150 years after the Great Chicago Fire, mass timber buildings are making a comeback

A Chicago high-rise will soon become one of more than 1,500 known mass-timber buildings already constructed or currently being designed around the U.S. 

Construction projects using the natural wood product have surged in recent years. According to data provided by the trade group WoodWorks—Wood Products Council, the number of completed or planned mass timber building projects in the U.S. grew from 63% between June 2020 and June 2022. 

Mass timber as a building material has appealed to architects, developers and sustainability advocates because it boasts a low-carbon footprint and sequesters excess carbon from the atmosphere throughout its lifetime. Various types of mass timber products are made using wood panels nailed or glued together for strength and stability.

“Wood has a softer footprint on the earth” than steel or concrete, said Paul Alessandro, a partner with Hartshorne Plunkard Architecture, which designed the nine-story Chicago building expected to break ground early next year.  

There are many advantages to building with mass timber, in addition to reduced carbon emissions, according to Alessandro. “Wood is a product that people are drawn to naturally. It’s warmer. It helps reduce sound.” 

And, he said, a mass-timber building can be recycled. “You can disassemble it, take it apart and reuse individual elements.’’

The Great Chicago Fire of 1871 may have long made the city leery of wood as a building material, according to Julie Goudie, director of communications for Sterling Bay, the project’s developer.

But advancements in fire-resistant technologies help make now the right time for reassessment, Goudie said. “Mass-timber buildings are not only safe, but also sustainable and beautiful. Timber is renewable, global, and can be easily harvested and sustainably managed to assure regrowth and replenishment.” 

Wood reduces a building’s carbon footprint in two ways, according to Ricky McLain, senior technical director for WoodWorks.

First, McLain said, “a tree in the forest sequesters carbon. It is storing carbon as it’s growing. Cut it down and the tree doesn’t lose any carbon. Turn it into a panel and it is still storing carbon. These buildings are storing carbon, not releasing it into [the] atmosphere.”

Second, wood products typically require less “embodied energy” to manufacture than other building materials, he said. The term refers to the energy consumed by all of the processes associated with the production of a building.

Life cycle assessment studies consistently show that buildings with wooden structural systems have a lower embodied carbon footprint than buildings made with other materials, McLain said. “You can quantify it. You can compare it with using steel and concrete. Wood has a lighter carbon footprint.”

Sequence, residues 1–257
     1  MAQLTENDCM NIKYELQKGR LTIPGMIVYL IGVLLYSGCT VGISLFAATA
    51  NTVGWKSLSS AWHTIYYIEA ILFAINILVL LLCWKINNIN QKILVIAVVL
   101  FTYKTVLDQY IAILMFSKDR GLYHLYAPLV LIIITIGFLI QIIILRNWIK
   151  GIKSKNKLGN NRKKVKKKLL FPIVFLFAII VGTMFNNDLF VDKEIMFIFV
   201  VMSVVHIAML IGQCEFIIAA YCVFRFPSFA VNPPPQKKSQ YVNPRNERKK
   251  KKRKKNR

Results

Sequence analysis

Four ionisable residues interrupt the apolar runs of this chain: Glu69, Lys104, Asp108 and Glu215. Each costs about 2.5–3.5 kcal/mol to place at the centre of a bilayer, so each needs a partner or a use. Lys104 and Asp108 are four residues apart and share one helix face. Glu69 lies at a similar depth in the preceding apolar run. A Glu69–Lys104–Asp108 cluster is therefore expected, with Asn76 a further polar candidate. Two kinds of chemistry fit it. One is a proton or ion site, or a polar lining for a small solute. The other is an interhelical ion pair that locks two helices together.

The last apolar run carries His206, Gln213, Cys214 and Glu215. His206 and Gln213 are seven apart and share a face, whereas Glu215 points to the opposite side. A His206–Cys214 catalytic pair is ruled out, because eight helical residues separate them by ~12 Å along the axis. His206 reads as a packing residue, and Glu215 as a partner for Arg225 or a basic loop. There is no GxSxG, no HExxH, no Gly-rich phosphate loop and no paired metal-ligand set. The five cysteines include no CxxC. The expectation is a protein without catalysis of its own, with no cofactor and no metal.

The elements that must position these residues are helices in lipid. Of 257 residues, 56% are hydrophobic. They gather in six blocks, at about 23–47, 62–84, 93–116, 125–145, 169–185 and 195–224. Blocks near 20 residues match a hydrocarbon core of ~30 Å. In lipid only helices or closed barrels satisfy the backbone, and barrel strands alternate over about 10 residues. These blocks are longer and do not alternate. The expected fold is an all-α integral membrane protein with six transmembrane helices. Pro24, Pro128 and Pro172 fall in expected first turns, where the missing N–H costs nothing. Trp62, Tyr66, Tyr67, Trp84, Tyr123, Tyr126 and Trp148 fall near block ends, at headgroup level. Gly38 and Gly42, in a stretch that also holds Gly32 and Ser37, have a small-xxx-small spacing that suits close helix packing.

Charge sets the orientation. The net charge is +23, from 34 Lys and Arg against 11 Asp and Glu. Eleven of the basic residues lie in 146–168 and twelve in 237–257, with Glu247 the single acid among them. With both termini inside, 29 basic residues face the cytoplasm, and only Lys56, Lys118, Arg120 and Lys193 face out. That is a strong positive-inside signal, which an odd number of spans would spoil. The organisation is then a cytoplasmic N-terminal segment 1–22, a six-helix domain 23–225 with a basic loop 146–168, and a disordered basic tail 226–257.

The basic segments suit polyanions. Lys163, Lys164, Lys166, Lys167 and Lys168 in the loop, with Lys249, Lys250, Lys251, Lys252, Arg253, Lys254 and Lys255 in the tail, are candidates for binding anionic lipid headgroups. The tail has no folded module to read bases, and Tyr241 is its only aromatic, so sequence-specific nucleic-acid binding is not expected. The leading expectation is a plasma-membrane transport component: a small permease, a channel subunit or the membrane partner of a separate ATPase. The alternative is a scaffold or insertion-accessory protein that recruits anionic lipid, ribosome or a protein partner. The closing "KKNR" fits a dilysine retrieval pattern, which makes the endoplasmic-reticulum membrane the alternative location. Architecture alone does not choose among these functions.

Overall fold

A 2019 study published in the Journal of Building Engineering found that replacing concrete and steel with a type of mass timber in the building structure can present significant environmental benefits including “an average of 26.5% reduction in global warming potential,” according to the study. 

McLain said mass-timber buildings have tended “to be centered around ‘wood baskets’— areas that have a lot of timber framing like the Northeast or have a lot of harvesting and manufacturing like the Southeast and Northwest.”

But projects are springing up in all 50 states, according to the council. Milwaukee recently laid claim to the world’s tallest mass-timber building — the Ascent, a 25-story apartment building.

Where mass-timber structures can be constructed depends on building codes. And U.S. building codes “are piecemeal,” according to Kenneth Bland, retired vice president of building codes and regulations for the American Wood Council. 

States and municipalities that want to allow taller mass-timber buildings are considering adopting the expanded mass timber provisions in the 2021 International Building Code. Early adopters of these updated building codes have tended to be in Western states, added Bland, who is now a consultant.

In Chicago, on the other hand, until recently “they were running off the 1940s building code,” Bland said. In April 2019, the Chicago City Council adopted a more updated version of the IBC. Building codes require all building systems to perform to the same level of safety, Bland noted, regardless of the type of material. 

“All the testing we’ve done in the past five years has shown mass-timber has very good fire performance. It’s going to perform as well as any high-rise building,” Bland said.

Leave a comment